- An appeal by an offender on the basis that his sentence was excessive by comparison to that imposed on a co-offender may be allowed to avoid disparity, even if the result is an inadequate sentence, as long as the result is not an affront to the administration of justice (French CJ, Crennan and Kiefel JJ at 33).
- A prosecution appeal against sentences imposed on some co-offenders should not give rise to a disparity with more lenient but un-appealed sentences imposed on other co-offenders (French CJ, Crennan and Kiefel JJ at 37).
- An appeal court should not introduce procedural unfairness by basing its judgment on a perceived defect in the decision of the court below when on the hearing of the appeal the defect was not mentioned and was not the subject of argument (French CJ, Crennan and Kiefel JJ at 76, 80).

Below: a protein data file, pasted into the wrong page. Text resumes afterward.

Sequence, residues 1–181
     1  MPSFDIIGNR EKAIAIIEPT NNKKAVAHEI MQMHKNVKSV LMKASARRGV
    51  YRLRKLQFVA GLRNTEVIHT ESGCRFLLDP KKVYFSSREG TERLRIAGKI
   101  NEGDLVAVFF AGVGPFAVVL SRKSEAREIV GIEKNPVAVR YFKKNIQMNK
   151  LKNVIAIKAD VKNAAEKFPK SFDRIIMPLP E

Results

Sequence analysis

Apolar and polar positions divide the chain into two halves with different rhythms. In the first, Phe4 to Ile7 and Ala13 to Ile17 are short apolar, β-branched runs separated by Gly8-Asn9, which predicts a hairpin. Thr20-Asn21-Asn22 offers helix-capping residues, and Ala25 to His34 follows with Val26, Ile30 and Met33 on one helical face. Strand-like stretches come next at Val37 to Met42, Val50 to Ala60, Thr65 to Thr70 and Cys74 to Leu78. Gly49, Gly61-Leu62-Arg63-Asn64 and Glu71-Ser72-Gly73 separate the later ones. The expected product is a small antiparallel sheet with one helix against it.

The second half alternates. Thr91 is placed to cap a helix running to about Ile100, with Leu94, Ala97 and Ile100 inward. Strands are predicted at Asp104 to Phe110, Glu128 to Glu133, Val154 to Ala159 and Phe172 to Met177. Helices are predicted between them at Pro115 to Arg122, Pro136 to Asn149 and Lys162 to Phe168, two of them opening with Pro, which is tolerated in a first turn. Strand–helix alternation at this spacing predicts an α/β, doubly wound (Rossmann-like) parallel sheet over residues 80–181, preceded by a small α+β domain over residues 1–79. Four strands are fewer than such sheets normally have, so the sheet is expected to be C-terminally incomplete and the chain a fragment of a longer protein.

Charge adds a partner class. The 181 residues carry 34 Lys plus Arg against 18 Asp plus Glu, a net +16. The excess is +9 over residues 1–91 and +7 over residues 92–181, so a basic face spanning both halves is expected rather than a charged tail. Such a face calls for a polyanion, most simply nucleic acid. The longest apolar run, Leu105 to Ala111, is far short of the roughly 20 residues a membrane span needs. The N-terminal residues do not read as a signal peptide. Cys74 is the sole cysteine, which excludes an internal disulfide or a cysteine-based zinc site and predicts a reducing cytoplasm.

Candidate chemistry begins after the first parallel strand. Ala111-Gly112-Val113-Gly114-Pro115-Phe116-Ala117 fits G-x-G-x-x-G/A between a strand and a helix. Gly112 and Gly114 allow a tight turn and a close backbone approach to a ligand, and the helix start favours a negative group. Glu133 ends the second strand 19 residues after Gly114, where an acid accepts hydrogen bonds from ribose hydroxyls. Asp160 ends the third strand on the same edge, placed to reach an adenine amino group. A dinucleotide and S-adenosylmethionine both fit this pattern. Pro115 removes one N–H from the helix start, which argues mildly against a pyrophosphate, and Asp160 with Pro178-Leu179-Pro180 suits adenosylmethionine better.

- Intermediate courts of appeal should only overrule their own decisions infrequently and in exceptional circumstances, when the earlier decisions are manifestly wrong and not based on principle worked out in clear lines of useful authority (Heydon J dissenting in the result).
- Parity must not be conflated with proportionality, because the starting point is the appropriate sentence for the particular offence. Different offending may justify different sentences which should not be criticised as being disparate (Bell J dissenting, Heydon J agreeing, at 125).Prosecution appeals may not be allowed if the result would be disruption to rehabilitation, as the benefit of guidance to other courts may come at too high a cost in terms of justice to the individual (French CJ, Crennan and Kiefel JJ at 43).
Tuesday, December 06, 2011
Equality before the law, parity of sentence
Some general points on disparity of sentence can be gleaned from Green v R; Quinn v R  HCA 49 (6 December 2011). The case needs to be read in its statutory context which includes a constraint on prosecution appeals against sentence. But aside from that,